Edward FitzGerald's Ideas on Translation
AbstractIt is generally agreed that the translation of poetry is a special case within literary translation, that is, poems, plays, and novels. The translation of poetry―because of sound patterns, choice of words, arrangement of words, peculiar rhythms, etc.―is widely held to be the most difficult form of translation. Undoubtedly, Edward FitzGerald (1809–1883) is one of the greatest poetic-translators in the world, and his translation of the Rubaiyyat of Omar Khayyam (1859) is one of the most widely read poetic translations. He never wrote an independent paper or a book on his ideas on translation. The present paper tries to extract and bold his ideas on translation through the introductions that he wrote on his translations such as Six Dramas of Calderon, Aeschylus' Agamemnon, and Rubaiyyat of Omar Khayyam and among his letters to his friends notably Edward Cowell. He believed that a translation must live even though one cannot retain the original. In his terms, better a live sparrow than a stuffed Eagle.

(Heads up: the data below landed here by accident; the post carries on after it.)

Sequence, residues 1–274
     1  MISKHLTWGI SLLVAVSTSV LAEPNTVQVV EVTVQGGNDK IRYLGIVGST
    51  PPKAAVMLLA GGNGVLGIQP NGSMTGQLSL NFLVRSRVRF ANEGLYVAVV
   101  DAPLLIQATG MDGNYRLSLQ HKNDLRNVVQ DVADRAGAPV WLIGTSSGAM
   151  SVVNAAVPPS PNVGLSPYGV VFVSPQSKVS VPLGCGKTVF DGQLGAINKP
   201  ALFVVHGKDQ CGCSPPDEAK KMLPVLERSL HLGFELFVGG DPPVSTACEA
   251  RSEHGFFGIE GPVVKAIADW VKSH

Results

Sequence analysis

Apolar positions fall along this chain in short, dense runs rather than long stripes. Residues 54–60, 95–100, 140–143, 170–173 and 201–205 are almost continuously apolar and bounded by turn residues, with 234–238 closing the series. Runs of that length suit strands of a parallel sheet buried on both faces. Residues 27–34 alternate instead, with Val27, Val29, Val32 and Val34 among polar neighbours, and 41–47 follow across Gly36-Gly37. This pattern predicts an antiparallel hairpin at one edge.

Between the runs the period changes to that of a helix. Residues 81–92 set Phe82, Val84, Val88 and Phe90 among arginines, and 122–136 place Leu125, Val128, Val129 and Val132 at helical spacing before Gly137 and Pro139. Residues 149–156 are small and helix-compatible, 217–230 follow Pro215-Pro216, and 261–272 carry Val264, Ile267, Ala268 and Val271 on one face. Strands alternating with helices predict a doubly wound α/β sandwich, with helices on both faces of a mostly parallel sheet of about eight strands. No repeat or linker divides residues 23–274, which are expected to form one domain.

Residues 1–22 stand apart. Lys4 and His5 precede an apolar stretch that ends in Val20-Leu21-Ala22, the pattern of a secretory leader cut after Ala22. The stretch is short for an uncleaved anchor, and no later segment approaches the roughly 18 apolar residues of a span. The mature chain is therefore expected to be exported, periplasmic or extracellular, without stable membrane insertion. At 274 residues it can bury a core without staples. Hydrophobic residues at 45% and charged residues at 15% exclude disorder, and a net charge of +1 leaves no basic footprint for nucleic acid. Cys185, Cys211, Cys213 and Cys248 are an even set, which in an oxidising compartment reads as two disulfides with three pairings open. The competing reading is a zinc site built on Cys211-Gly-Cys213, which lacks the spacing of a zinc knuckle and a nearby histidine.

How to Cite
Hosseiny, M. (2016). Edward FitzGerald’s Ideas on Translation. Translation Studies Quarterly, 13(52). Retrieved from https://journal.translationstudies.ir/ts/article/view/328
Scientific Research Paper